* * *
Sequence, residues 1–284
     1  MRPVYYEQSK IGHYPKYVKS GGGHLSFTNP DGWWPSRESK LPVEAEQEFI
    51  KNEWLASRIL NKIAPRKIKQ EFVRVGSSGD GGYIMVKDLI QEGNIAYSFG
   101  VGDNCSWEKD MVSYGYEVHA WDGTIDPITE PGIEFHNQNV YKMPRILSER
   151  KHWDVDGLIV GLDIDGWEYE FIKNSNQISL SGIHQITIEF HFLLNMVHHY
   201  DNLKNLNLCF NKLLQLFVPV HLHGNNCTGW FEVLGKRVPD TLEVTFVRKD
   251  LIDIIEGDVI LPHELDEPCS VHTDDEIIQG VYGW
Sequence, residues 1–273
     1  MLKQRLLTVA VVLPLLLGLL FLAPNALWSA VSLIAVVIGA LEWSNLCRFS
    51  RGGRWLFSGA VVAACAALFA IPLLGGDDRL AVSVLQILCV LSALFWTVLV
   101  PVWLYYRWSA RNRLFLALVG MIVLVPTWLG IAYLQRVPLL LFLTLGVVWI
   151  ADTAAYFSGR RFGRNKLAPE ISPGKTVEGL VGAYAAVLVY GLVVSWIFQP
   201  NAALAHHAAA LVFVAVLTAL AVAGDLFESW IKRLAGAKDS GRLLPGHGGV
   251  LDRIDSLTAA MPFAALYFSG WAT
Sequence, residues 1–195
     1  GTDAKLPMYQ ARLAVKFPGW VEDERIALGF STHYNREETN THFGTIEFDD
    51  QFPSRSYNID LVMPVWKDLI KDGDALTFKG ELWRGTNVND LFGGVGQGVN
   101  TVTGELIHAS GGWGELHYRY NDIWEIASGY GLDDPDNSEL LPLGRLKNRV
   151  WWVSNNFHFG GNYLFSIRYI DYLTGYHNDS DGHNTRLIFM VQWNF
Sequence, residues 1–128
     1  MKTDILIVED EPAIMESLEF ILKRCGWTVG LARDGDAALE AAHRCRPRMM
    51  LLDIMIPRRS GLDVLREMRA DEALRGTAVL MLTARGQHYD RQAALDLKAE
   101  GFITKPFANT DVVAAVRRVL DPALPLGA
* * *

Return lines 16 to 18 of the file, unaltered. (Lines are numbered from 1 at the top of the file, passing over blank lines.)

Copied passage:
     1  GTDAKLPMYQ ARLAVKFPGW VEDERIALGF STHYNREETN THFGTIEFDD
    51  QFPSRSYNID LVMPVWKDLI KDGDALTFKG ELWRGTNVND LFGGVGQGVN
   101  TVTGELIHAS GGWGELHYRY NDIWEIASGY GLDDPDNSEL LPLGRLKNRV